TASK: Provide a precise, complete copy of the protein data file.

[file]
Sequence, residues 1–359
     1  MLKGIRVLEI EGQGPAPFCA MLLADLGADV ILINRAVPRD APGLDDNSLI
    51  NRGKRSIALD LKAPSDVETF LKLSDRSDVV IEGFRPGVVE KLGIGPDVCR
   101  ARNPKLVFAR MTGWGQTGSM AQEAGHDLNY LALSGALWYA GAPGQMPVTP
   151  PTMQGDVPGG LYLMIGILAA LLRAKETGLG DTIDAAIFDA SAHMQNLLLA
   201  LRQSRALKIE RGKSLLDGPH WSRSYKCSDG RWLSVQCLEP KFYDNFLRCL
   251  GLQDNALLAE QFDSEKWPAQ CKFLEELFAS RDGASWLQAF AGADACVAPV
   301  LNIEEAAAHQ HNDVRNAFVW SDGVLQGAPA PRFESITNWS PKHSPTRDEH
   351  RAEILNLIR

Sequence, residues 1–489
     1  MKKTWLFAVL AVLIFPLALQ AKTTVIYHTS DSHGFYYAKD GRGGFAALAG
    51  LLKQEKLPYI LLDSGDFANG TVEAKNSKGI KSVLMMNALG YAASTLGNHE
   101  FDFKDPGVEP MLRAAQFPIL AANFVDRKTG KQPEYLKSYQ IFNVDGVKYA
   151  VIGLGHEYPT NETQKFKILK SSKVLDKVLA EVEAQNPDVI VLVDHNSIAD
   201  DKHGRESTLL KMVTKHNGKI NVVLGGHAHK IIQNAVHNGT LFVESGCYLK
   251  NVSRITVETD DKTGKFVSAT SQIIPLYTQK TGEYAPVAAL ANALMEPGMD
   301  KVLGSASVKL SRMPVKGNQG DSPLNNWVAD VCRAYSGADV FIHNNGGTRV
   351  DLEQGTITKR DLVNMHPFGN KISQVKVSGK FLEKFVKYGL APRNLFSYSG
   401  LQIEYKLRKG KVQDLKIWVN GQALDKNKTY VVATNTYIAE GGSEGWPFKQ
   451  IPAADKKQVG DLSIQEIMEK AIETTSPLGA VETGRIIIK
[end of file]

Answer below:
Sequence, residues 1–359
     1  MLKGIRVLEI EGQGPAPFCA MLLADLGADV ILINRAVPRD APGLDDNSLI
    51  NRGKRSIALD LKAPSDVETF LKLSDRSDVV IEGFRPGVVE KLGIGPDVCR
   101  ARNPKLVFAR MTGWGQTGSM AQEAGHDLNY LALSGALWYA GAPGQMPVTP
   151  PTMQGDVPGG LYLMIGILAA LLRAKETGLG DTIDAAIFDA SAHMQNLLLA
   201  LRQSRALKIE RGKSLLDGPH WSRSYKCSDG RWLSVQCLEP KFYDNFLRCL
   251  GLQDNALLAE QFDSEKWPAQ CKFLEELFAS RDGASWLQAF AGADACVAPV
   301  LNIEEAAAHQ HNDVRNAFVW SDGVLQGAPA PRFESITNWS PKHSPTRDEH
   351  RAEILNLIR

Sequence, residues 1–489
     1  MKKTWLFAVL AVLIFPLALQ AKTTVIYHTS DSHGFYYAKD GRGGFAALAG
    51  LLKQEKLPYI LLDSGDFANG TVEAKNSKGI KSVLMMNALG YAASTLGNHE
   101  FDFKDPGVEP MLRAAQFPIL AANFVDRKTG KQPEYLKSYQ IFNVDGVKYA
   151  VIGLGHEYPT NETQKFKILK SSKVLDKVLA EVEAQNPDVI VLVDHNSIAD
   201  DKHGRESTLL KMVTKHNGKI NVVLGGHAHK IIQNAVHNGT LFVESGCYLK
   251  NVSRITVETD DKTGKFVSAT SQIIPLYTQK TGEYAPVAAL ANALMEPGMD
   301  KVLGSASVKL SRMPVKGNQG DSPLNNWVAD VCRAYSGADV FIHNNGGTRV
   351  DLEQGTITKR DLVNMHPFGN KISQVKVSGK FLEKFVKYGL APRNLFSYSG
   401  LQIEYKLRKG KVQDLKIWVN GQALDKNKTY VVATNTYIAE GGSEGWPFKQ
   451  IPAADKKQVG DLSIQEIMEK AIETTSPLGA VETGRIIIK